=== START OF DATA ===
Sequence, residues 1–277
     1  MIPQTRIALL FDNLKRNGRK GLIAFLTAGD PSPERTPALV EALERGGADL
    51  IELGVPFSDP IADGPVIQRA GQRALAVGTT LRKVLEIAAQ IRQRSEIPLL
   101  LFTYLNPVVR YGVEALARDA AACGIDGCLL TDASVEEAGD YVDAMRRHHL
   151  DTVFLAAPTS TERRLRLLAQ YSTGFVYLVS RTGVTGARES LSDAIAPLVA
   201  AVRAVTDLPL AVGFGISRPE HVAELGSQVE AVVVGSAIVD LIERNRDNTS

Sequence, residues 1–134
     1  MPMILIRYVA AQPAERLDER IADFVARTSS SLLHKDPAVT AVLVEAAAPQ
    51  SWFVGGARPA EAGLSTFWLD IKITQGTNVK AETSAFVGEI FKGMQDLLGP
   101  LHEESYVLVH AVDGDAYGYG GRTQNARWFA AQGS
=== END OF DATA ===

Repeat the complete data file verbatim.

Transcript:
Sequence, residues 1–277
     1  MIPQTRIALL FDNLKRNGRK GLIAFLTAGD PSPERTPALV EALERGGADL
    51  IELGVPFSDP IADGPVIQRA GQRALAVGTT LRKVLEIAAQ IRQRSEIPLL
   101  LFTYLNPVVR YGVEALARDA AACGIDGCLL TDASVEEAGD YVDAMRRHHL
   151  DTVFLAAPTS TERRLRLLAQ YSTGFVYLVS RTGVTGARES LSDAIAPLVA
   201  AVRAVTDLPL AVGFGISRPE HVAELGSQVE AVVVGSAIVD LIERNRDNTS

Sequence, residues 1–134
     1  MPMILIRYVA AQPAERLDER IADFVARTSS SLLHKDPAVT AVLVEAAAPQ
    51  SWFVGGARPA EAGLSTFWLD IKITQGTNVK AETSAFVGEI FKGMQDLLGP
   101  LHEESYVLVH AVDGDAYGYG GRTQNARWFA AQGS